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Martes 02 de Marzo de 2010 18:47
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Formal Reasoning & Truth-Detection: The Basics

(Mr Spock’s guide to developing executive functions)


Introduction and Strategy

“Logic is the beginning of wisdom”

(Spock, ‘The Undiscovered Country’)


Logic has been variously defined as "the tool for distinguishing between the true and the false”, "the science, as well as the art, of reasoning"; and "the science of the most general laws of truth".

Despite growing up in a society that values intellect highly, with schooling systems that push intellectual ability at the expense of virtually everything else, two thirds of adults tested cannot use formal reasoning (3).

Since this ability serves such skills as rational & critical thinking, decision making, assessment, planning, analysis, judgement etc., that means that two-thirds of the general public cannot think abstractly, reason logically, devise plans to solve problems, systematically test solutions or draw conclusions from the information available, nor can they apply all these processes to hypothetical situations or understand the more complex issues in life that all of us from around age 15 should be able to understand.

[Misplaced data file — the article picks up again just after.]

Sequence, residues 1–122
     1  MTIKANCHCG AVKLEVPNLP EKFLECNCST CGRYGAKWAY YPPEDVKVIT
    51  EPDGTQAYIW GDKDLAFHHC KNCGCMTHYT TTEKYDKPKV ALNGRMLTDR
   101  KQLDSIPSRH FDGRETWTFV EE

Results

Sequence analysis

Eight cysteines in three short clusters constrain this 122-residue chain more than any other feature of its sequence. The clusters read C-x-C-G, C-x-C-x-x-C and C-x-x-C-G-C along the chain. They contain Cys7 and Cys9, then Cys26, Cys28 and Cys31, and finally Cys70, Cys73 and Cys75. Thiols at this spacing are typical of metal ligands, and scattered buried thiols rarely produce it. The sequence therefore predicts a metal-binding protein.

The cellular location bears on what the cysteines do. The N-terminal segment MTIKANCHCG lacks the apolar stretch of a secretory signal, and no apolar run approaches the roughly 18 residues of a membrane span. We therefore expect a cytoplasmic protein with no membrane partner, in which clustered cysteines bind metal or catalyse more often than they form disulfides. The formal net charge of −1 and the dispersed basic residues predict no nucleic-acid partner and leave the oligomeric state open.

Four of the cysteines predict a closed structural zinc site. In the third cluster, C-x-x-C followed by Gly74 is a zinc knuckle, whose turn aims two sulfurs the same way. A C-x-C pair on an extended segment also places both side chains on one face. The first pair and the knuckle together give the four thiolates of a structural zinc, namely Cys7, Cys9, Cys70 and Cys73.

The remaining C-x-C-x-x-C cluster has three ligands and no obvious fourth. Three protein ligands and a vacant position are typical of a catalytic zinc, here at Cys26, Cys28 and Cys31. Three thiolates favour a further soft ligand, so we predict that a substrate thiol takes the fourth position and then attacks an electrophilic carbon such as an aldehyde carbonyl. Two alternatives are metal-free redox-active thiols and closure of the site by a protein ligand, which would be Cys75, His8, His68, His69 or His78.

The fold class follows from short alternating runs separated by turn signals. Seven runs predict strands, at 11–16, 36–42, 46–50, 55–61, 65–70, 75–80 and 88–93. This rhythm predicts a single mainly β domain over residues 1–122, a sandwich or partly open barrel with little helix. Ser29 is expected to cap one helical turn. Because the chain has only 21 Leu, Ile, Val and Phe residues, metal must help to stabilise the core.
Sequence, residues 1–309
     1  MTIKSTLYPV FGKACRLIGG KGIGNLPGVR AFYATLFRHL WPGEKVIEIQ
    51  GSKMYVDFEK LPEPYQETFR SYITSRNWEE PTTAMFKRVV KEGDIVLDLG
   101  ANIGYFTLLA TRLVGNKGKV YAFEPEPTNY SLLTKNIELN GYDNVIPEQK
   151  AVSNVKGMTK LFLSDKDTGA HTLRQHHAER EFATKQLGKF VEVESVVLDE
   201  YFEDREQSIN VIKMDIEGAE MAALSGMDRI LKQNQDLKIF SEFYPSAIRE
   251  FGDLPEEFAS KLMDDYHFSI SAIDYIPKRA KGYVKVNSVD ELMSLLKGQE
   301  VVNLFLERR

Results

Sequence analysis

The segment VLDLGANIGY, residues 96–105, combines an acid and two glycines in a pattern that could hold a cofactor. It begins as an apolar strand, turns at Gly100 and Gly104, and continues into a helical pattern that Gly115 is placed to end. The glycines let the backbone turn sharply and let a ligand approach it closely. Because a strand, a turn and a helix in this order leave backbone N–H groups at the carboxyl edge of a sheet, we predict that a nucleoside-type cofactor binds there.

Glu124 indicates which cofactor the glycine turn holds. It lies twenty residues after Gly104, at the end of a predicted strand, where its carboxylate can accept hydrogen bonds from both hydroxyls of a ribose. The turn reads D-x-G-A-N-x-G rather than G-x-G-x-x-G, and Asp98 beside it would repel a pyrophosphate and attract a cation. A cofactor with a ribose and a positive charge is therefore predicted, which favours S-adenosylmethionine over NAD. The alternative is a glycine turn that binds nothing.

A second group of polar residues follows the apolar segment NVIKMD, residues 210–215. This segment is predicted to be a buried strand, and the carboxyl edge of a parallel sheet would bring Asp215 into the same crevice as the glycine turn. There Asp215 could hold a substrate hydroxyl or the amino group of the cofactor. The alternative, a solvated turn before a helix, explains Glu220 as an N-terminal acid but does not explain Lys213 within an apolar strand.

This is an astonishing situation; that most people fail to develop their potential in this most fundamental way; the ability to reason. If we fail to develop the very faculty of our minds by which we should be able to deduce inferences from facts or from propositions; without reason allied to a clear view of reality, we cannot clearly distinguish truth from falsehood, fact from fiction, and ultimately beneficial from harmful. 

It is my conjecture that the failure of two-thirds of adults to ever achieve the abilities of formal reasoning is due to wrong use of the relevant brain networks skewing healthy development, and that making the brain do the wrong things at the wrong ages is in part responsible for retarding (‘holding back’) this part of intelligence (although it is certainly not the only thing responsible) (4, 5).

To develop brain networks in the right order, we have to answer the questions intelligence is asking the universe, in the right order. Schooling does not allow us to continue asking the right questions for intelligence to fully develop: what, where, which, when, how and why. When we learn things in the right order for the brain’s development to keep apace, that last question ‘why?’ comes to a mind that is equipped to search for its own answers, and our use of logic goes smoothly and fully into gear. Throughout development, we continue to see the associated relationships between everything. Life makes Sense.